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Possible Duplicate:
Capitalize First Char of Each Word in a String Java

Example strings

one thousand only
two hundred

How do i change the first character of a string in capital letter and not change the case of any of the other letters. After change it should be

One thousand only
Two hundred

Note: I don't want to use the apache.commons.lang.WordUtils to do this.

share|improve this question
im not familiar with java too much but the difference between capital and lower case letters in the ascii table is 32 so you could just subtract 32 to the character and you will get its capital equivalent. – eat_a_lemon Apr 20 '11 at 5:32
@eat_a_lemon: much better to use Character.toUpperCase(), as it deals with cases other than a-z (e.g. numbers, punctuation, letters with diacritics, non-Latin characters). – Simon Nickerson Apr 20 '11 at 5:40
@Simon I have been writing too much C lately lol – eat_a_lemon Apr 20 '11 at 7:45
related: – ManBugra May 5 '11 at 13:28
up vote 254 down vote accepted

If you only want to capitalize the first letter of a string named input and leave the rest alone:

String output = input.substring(0, 1).toUpperCase() + input.substring(1);

Now output will have what you want. Check that your input is at least one character long before using this, otherwise you'll get an exception.

share|improve this answer
@Simon: I just added a note about that right before your comment :) – WhiteFang34 Apr 20 '11 at 5:44
Also, I would first take the entire input and make it lower-case or rework your example as follows: String output = input.substring(0, 1).toUpperCase() + input.substring(1).toLowerCase(); – David Brossard Oct 30 '13 at 10:48
public String capitalizeFirstLetter(String original) {
    if (original == null || original.length() == 0) {
        return original;
    return original.substring(0, 1).toUpperCase() + original.substring(1);

Just... a complete solution, I see it kind of just ended up combining what everyone else ended up posting =P.

share|improve this answer
Nice. I "one-linered" it: return original.length() == 0 ? original : original.substring(0, 1).toUpperCase() + original.substring(1); – mharper Sep 20 '13 at 21:13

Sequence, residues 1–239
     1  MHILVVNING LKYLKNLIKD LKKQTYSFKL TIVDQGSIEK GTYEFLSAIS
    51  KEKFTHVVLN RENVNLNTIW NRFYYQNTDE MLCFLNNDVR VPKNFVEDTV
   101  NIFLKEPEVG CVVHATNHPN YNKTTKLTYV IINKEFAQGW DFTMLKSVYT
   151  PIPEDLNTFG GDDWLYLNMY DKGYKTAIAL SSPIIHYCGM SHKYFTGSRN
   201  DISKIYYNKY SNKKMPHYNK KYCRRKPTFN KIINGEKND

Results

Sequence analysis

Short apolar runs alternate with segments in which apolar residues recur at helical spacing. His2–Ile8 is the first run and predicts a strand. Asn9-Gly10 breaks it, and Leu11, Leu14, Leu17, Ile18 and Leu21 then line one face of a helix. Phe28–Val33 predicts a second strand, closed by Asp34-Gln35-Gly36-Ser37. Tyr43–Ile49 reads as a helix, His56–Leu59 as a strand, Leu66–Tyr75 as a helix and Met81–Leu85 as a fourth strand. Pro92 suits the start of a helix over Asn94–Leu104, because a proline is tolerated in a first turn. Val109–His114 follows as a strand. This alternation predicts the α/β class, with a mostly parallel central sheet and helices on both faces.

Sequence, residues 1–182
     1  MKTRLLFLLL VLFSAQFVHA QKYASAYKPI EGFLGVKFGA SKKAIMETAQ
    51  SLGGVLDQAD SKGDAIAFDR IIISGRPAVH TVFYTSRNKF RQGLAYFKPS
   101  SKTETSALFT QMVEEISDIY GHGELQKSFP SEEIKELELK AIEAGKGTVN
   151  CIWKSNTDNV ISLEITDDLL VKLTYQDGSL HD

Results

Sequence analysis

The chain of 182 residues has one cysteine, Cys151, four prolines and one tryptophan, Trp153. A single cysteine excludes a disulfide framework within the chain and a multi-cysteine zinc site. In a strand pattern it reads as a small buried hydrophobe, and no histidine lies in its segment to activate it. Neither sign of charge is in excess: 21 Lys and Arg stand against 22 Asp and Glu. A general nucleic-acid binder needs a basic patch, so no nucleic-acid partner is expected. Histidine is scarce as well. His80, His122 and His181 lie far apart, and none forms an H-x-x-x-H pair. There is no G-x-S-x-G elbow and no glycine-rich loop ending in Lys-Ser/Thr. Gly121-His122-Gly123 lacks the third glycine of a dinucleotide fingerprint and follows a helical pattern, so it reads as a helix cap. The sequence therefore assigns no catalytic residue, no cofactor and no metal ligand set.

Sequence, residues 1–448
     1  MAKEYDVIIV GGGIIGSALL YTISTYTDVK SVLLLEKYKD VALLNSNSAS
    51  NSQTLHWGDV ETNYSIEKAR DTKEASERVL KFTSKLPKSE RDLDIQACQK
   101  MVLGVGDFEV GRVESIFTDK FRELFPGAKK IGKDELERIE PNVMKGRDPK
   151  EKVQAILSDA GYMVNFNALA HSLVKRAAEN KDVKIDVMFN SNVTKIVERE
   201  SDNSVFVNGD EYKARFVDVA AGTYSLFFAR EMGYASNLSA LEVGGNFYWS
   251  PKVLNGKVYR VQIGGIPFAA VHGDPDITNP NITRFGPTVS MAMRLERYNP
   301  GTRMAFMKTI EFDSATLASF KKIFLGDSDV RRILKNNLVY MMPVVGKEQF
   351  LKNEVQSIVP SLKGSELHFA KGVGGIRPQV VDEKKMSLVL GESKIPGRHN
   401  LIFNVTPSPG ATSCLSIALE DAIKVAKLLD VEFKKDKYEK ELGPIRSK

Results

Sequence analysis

@mharper: if length() == 0, can't we safely say that it's "" and return that instead of original? Saves us a few characters in a one-liner. I ask because I feel like Java is a language so full of gotcha's, I honestly wouldn't be surprised if there was some other way to have a string of length zero. – ArtOfWarfare Mar 3 '15 at 20:24
You speak all truth @ArtOfWarfare. – mharper Mar 4 '15 at 4:30
String s=t.getText().trim();
int l=s.length();
char c=Character.toUpperCase(s.charAt(0));
for(int i=1; i<l; i++)
        if(s.charAt(i)==' ')
            s=s.substring(0, i) + c + s.substring(i+2);
share|improve this answer
This will uppercase the first letter of each word, not of the string as a whole. See the examples provided by OP. Also there could be problems if there is a space at the end of the string. – tobias_k Sep 25 '12 at 16:47

Simplest way is to use org.apache.commons.lang.StringUtils class


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Little side-note here. It works only for strings that are not already capitalized. – jobbert May 9 at 13:49

Here you go (hope this give you the idea):

 *  Compilation:  javac
 *  Execution:    java Capitalize < input.txt
 *  Read in a sequence of words from standard input and capitalize each
 *  one (make first letter uppercase; make rest lowercase).
 *  % java Capitalize
 *  now is the time for all good 
 *  Now Is The Time For All Good 
 *  to be or not to be that is the question
 *  To Be Or Not To Be That Is The Question 
 *  Remark: replace sequence of whitespace with a single space.

public class Capitalize {

    public static String capitalize(String s) {
        if (s.length() == 0) return s;
        return s.substring(0, 1).toUpperCase() + s.substring(1).toLowerCase();

    public static void main(String[] args) {
        while (!StdIn.isEmpty()) {
            String line = StdIn.readLine();
            String[] words = line.split("\\s");
            for (String s : words) {
                StdOut.print(capitalize(s) + " ");

share|improve this answer
and not change the case of the other letters. Also your use of StdIn and StdOut is not very Java-y. :-) – Simon Nickerson Apr 20 '11 at 5:41

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